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Britain’s secret history: How 70,000 Black children ended up being privately ‘farmed’ to white families


PublishedOct 4, 2023, 7:38am|UpdatedOct 4, 2023, 4:33pm



Documentary White Nanny Black Child, explores the story of unregulated fostering of Black babies and children into white families across the UK (Picture: Channel 5)


‘I’ve always been the only Black person in my family, in my street, in my school,’ says Remi.


She is one of tens of thousands Nigerian children who were privately fostered by white families in the four decades since 1955, in a controversial practice known as ‘farming’.


The placements left a generation of children bereft of community and confused about their identity, with many of them still grappling with residual trauma still today.


Seal, Kris Akabussi, Florence Olajide, Gina Yashere, Nelson Abbey, Adewale Akinnuoye-Agbaje, John Fashanu and Justin Fashanu were all privately fostered, and many of those that lived through this contentious unofficial policy have had to live with its impact for decades.


The phenomenon is heavily undocumented; a secret that Britain has buried and failed to deal with. But Remi is now telling her story as part of a new film, White Nanny Black Child, which explores the story of unregulated fostering of Black babies and children into white families across the UK.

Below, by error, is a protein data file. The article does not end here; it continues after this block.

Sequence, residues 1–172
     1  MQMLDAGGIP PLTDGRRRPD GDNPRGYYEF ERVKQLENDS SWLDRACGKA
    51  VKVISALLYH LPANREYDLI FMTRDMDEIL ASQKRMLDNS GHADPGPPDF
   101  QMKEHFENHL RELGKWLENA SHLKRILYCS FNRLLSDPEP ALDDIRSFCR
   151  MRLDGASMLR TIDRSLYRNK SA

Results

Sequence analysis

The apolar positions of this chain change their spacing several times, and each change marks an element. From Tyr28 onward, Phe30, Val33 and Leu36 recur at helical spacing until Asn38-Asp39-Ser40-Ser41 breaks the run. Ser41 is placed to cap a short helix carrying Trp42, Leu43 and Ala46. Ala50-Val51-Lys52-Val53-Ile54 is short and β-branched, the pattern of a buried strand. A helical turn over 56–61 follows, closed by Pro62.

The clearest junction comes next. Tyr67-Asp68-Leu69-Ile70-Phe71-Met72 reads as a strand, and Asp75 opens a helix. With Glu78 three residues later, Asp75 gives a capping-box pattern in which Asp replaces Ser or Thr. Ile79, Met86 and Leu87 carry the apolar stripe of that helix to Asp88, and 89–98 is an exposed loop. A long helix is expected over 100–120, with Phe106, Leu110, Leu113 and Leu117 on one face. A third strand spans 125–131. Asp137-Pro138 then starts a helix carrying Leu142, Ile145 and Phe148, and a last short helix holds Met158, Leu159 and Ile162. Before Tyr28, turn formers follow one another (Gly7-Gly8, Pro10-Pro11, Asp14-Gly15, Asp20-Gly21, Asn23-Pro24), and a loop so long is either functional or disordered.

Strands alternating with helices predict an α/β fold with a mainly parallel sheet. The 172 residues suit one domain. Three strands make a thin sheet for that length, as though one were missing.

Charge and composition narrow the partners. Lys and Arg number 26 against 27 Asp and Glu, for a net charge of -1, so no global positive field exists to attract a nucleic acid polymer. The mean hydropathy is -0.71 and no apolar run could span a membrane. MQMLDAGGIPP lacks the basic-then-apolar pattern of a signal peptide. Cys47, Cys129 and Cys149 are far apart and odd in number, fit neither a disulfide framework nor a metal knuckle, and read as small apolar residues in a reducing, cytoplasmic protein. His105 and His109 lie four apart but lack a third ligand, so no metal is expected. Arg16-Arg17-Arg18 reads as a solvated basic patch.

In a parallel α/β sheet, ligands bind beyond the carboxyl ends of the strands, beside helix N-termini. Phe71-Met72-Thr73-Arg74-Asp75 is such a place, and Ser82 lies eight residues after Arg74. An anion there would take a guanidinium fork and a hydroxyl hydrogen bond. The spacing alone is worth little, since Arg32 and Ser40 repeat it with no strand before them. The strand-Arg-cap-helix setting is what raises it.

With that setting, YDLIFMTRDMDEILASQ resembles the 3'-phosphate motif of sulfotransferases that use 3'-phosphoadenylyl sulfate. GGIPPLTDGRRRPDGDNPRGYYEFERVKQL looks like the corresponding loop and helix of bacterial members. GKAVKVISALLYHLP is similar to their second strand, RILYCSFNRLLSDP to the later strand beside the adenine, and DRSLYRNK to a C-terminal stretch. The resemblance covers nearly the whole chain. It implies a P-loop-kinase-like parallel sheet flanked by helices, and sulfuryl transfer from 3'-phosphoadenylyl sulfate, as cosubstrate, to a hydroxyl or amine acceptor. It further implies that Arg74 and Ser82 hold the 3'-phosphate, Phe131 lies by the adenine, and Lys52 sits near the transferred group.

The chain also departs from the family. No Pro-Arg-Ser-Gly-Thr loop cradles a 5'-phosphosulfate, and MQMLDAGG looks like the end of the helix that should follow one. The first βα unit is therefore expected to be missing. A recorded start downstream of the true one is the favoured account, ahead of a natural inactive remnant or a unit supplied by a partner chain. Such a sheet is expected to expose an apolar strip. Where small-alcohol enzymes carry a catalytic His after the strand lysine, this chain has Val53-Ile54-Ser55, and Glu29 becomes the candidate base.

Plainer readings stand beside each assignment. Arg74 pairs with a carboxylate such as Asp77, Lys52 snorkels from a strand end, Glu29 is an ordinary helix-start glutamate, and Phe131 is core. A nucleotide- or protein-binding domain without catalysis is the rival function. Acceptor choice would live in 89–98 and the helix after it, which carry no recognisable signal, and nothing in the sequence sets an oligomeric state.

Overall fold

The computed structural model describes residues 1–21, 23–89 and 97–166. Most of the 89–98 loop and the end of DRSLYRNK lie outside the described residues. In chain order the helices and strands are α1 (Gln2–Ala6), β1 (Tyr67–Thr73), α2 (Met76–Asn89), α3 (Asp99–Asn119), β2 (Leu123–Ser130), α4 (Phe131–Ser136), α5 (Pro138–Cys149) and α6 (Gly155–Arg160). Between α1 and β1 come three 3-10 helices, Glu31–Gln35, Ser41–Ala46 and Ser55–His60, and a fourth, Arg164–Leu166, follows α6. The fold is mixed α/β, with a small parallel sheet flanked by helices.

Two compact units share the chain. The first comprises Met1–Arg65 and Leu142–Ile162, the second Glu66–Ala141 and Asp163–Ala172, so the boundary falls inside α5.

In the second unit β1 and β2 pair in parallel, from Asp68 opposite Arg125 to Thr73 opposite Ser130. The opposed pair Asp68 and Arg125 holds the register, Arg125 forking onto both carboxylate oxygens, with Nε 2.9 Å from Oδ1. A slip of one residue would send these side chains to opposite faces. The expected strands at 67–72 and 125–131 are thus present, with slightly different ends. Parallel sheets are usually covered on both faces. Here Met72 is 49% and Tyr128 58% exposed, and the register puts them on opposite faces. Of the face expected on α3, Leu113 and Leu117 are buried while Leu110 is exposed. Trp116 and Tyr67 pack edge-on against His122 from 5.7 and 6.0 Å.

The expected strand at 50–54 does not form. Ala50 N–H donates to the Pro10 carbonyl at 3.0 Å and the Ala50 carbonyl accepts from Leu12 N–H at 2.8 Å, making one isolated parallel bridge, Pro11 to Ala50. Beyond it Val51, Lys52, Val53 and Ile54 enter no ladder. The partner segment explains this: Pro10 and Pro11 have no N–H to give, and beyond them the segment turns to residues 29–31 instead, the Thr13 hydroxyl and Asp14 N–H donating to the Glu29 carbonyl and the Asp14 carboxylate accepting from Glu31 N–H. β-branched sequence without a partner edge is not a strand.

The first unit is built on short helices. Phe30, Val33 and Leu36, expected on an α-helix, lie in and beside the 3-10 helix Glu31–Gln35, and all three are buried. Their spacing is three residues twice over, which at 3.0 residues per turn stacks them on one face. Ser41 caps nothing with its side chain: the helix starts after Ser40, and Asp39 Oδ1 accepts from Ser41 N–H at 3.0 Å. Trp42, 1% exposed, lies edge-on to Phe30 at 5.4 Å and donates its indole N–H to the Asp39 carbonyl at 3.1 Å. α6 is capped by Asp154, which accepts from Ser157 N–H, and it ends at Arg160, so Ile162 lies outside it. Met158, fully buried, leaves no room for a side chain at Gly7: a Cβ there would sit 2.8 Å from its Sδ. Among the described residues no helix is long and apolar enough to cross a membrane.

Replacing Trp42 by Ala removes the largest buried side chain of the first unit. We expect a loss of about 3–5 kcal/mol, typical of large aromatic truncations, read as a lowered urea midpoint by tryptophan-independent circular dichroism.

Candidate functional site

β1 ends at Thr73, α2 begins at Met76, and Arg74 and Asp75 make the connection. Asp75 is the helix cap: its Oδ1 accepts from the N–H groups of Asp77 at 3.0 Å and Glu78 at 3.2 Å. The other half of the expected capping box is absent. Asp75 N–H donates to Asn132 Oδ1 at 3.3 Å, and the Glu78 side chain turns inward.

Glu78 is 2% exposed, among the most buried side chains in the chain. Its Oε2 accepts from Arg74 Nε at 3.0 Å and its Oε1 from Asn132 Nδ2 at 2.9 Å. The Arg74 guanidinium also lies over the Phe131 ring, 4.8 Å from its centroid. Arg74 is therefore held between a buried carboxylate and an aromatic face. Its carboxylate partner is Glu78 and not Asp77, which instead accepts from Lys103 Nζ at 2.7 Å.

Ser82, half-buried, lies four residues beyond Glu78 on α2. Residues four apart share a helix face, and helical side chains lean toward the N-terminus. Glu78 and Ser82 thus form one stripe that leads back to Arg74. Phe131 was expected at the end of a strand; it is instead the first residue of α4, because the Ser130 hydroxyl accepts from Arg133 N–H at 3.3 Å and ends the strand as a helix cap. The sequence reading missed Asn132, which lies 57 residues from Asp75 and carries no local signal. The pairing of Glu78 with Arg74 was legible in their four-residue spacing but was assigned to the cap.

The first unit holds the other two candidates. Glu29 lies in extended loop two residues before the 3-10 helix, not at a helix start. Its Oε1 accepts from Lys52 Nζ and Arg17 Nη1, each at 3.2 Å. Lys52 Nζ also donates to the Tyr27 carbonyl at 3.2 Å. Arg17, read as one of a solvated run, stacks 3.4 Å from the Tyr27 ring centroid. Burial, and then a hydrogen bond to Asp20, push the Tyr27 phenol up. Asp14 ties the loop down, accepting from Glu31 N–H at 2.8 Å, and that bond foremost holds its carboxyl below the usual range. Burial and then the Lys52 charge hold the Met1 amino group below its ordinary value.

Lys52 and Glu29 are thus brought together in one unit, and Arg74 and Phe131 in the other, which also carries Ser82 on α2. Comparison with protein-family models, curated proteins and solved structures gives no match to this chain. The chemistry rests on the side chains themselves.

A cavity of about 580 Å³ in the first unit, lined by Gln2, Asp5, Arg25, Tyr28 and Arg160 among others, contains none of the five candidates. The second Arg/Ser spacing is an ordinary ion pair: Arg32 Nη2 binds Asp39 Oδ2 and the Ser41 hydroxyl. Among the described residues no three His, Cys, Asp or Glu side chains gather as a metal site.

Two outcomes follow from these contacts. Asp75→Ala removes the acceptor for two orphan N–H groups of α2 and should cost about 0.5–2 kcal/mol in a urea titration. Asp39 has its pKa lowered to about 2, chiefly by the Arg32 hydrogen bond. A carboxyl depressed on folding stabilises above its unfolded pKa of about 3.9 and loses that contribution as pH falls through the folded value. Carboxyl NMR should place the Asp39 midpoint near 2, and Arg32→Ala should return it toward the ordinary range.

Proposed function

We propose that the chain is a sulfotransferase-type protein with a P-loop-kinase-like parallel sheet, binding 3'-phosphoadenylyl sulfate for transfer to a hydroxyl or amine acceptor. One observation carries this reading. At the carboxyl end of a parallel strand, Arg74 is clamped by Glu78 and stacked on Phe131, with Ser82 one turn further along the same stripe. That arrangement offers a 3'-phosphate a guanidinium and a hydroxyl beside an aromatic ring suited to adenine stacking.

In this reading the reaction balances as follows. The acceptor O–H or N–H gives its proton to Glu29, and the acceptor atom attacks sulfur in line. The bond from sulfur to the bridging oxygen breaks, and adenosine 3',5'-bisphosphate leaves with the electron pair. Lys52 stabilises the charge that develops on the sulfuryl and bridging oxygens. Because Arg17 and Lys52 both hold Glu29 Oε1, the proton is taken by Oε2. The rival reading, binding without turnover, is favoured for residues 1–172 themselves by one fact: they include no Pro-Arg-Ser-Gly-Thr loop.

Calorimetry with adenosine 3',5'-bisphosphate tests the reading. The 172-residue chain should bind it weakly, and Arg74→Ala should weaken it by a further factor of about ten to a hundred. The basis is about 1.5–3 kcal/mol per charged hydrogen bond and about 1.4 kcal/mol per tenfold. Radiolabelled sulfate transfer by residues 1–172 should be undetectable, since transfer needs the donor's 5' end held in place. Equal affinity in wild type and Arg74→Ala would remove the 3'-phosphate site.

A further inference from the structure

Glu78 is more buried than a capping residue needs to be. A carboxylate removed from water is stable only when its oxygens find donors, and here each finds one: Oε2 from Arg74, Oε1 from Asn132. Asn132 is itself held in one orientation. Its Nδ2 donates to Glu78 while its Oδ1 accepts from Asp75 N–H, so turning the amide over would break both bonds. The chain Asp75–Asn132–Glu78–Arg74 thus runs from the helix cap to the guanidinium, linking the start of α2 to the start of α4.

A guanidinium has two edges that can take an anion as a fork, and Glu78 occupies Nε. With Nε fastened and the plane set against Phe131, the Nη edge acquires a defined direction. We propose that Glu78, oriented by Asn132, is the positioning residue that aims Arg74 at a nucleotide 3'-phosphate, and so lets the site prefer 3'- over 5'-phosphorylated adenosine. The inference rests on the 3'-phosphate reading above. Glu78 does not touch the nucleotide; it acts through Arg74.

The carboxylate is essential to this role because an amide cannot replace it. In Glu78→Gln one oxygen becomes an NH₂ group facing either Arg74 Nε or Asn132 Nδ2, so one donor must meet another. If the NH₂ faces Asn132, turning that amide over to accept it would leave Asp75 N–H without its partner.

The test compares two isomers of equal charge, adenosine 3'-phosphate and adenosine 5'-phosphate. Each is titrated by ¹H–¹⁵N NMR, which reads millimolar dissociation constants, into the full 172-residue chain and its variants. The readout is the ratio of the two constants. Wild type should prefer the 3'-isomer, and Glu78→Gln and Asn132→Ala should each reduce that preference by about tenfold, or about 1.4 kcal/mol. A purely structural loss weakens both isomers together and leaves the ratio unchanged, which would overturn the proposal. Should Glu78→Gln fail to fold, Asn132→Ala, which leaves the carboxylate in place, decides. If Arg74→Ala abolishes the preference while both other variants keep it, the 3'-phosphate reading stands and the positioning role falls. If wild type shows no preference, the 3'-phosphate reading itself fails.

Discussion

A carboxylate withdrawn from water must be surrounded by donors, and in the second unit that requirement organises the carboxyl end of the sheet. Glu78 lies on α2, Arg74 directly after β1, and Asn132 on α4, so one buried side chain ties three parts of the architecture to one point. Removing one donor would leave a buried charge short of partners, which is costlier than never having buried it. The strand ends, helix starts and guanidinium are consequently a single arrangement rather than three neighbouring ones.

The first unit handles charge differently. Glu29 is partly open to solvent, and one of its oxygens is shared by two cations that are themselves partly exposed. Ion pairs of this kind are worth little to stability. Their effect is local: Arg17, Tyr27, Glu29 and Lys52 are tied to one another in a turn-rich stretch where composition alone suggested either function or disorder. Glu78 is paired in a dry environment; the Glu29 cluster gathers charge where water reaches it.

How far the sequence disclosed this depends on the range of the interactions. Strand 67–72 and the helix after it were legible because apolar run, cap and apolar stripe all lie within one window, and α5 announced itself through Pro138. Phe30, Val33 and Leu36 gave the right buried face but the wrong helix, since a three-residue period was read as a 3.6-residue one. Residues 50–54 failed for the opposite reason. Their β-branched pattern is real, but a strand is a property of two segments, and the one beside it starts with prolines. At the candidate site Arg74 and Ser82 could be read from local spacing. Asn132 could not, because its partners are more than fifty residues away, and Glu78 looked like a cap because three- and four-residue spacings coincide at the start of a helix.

Seal (L) and John Fashanu (R) – along with brother Justin -were both privately fostered (Picture: Getty)


Remi’s challenging childhood was spent being passed to and fro between foster carers and her biological parents. Her story is one of fear, insecurity and lack of agency. Taken in by a British family at six weeks old, her formative years were difficult and disjointed.


She recalls her foster mother having an argument with her biological parents about who would pay for the upkeep, and she was terrified she’d be taken away. She remembers screaming and crying; ‘I just knew that I was being taken away from my mummy’, before being placed with another foster family, who didn’t know how to look after her.